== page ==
Waltons 91-page e-book is comprised of electronic correspondence shared by many of his friends and colleagues.  Being a brilliant writer and an observer of life, Walton covered topics as diverse as progressive issues on the topic of homelessness (spending Christmas at Amos House), the Rhode Island Governor’s race, national politics, education and womens rights.  He jumped into giving his two cents about the Lions Head, his favorite New York hangout, as well as boxing and baseball, and even his views on religion.

             In one of my favorite emails in our e-book, Walton shared his great admiration for the great first baseman, Hank Greenberg of the Detroit Tigers.  His love for this Jewish baseball player began as a small child when he grew up in Providence listening to the game on the radio with his grandfather during an era of rampant anti-Semitism and racism.  Even at the ripe old age of 72, the seasoned journalist wrote a powerful Op Ed in The Providence Journal about Greenberg after reading a four-star review of the movie, “The Live and Times of Hank Greenberg.”  He even admitted that he shed tears over “a long-dead baseball player,” this giving me a glimpse into how Walton as a young man would not accept the bigotry of his time and who would later turn his attention and tireless energy to fighting against society’s ignorance and indifference to the less fortunate.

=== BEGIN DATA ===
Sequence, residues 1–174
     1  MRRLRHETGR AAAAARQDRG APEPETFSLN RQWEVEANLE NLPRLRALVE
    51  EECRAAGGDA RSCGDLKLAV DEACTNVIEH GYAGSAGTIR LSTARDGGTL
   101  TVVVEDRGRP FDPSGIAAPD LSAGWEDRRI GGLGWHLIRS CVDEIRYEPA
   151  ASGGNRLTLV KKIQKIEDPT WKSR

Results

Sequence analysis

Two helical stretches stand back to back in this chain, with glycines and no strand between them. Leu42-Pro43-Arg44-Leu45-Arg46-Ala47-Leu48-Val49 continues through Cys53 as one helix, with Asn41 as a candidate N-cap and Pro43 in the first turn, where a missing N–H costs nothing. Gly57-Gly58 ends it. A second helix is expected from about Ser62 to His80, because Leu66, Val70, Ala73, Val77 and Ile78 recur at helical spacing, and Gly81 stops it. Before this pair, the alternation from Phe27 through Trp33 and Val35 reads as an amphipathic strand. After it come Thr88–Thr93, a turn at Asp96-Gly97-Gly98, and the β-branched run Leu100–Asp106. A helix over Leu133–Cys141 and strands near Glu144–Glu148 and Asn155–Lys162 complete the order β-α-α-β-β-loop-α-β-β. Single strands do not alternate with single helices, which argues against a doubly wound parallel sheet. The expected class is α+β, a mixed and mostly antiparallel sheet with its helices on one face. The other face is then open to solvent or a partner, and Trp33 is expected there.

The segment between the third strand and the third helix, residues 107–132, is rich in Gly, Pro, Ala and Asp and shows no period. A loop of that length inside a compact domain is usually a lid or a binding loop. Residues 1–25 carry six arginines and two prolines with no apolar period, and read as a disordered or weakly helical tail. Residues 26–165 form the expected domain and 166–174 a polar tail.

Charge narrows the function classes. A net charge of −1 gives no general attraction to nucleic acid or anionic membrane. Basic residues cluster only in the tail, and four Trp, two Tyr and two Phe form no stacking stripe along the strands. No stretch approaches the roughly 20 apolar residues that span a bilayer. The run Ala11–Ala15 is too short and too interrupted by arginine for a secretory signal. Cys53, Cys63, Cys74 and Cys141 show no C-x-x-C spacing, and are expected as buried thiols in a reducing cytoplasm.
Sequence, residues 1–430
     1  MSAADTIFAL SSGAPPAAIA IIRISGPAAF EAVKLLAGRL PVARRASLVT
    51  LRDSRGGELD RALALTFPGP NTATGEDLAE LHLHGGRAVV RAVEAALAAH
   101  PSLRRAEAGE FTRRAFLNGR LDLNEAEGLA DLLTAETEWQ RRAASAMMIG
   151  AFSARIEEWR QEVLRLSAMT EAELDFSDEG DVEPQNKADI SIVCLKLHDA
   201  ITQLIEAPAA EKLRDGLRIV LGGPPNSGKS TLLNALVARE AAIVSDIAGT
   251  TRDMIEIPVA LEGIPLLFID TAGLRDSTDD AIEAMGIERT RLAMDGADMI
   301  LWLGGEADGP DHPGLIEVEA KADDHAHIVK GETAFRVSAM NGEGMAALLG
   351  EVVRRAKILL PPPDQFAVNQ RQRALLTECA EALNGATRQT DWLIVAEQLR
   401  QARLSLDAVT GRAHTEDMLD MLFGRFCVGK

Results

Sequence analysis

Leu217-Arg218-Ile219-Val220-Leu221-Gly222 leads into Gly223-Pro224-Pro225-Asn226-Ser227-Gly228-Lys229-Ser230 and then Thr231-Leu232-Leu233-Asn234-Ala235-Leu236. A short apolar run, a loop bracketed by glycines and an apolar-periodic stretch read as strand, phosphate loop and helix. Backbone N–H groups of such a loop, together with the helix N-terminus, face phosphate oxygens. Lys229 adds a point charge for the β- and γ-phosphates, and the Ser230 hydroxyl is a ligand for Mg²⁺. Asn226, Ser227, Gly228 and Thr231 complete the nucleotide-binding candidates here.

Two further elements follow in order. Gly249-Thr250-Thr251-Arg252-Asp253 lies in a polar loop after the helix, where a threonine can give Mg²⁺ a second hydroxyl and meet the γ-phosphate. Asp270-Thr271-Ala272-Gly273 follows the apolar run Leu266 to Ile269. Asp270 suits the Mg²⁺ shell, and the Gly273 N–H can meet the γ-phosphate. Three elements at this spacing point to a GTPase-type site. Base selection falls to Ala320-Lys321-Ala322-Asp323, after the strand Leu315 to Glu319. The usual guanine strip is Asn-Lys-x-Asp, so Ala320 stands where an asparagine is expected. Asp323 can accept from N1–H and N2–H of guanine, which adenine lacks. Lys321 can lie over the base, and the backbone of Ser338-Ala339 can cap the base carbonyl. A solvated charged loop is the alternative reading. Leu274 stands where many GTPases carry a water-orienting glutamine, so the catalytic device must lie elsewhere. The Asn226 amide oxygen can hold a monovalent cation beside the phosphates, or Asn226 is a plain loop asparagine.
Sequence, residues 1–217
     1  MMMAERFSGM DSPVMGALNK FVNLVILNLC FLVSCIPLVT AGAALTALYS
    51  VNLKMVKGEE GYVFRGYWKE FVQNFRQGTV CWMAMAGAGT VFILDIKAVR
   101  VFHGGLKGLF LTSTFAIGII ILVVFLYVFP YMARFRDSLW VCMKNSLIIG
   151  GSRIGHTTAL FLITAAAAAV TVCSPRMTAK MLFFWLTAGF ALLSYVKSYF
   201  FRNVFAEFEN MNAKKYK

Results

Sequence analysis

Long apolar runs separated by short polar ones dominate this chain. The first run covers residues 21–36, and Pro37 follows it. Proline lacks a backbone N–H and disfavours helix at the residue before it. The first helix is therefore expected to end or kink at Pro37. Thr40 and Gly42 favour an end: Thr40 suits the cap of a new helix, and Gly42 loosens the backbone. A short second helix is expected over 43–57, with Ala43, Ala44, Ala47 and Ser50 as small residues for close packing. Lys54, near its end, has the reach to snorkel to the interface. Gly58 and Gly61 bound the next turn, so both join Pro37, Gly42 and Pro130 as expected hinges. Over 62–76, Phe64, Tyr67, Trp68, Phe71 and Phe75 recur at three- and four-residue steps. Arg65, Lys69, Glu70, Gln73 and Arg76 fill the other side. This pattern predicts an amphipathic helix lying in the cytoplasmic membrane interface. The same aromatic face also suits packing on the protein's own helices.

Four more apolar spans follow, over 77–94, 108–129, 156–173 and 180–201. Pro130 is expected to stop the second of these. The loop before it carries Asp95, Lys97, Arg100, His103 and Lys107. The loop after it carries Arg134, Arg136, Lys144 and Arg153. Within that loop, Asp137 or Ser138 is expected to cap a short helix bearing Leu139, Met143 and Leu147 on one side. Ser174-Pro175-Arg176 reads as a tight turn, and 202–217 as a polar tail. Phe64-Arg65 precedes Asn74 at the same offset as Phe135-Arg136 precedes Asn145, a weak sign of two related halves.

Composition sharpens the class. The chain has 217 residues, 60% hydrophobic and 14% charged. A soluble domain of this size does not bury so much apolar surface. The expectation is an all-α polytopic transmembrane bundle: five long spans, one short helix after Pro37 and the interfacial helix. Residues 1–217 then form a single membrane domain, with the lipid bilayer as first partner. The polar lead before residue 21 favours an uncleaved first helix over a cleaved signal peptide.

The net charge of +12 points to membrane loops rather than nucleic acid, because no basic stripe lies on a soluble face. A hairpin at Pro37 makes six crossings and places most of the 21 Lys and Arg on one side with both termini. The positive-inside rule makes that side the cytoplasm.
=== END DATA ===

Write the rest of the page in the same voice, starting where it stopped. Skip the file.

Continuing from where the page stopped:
As to other e correspondences…

 ·       On his career choices: Walton admitted, I did turn down a job as an NBC News

correspondent because I refused to shave my beard.

 ·       On the fact that at age 79 he traveled to Shanghai to teach children, he quipped,

It might turn up in a game of Trivial Pursuit some day.

 ·       On his losing battle with leukemia, Walton noted, Im going on a great adventure.

 The Life and Times of Richard Walton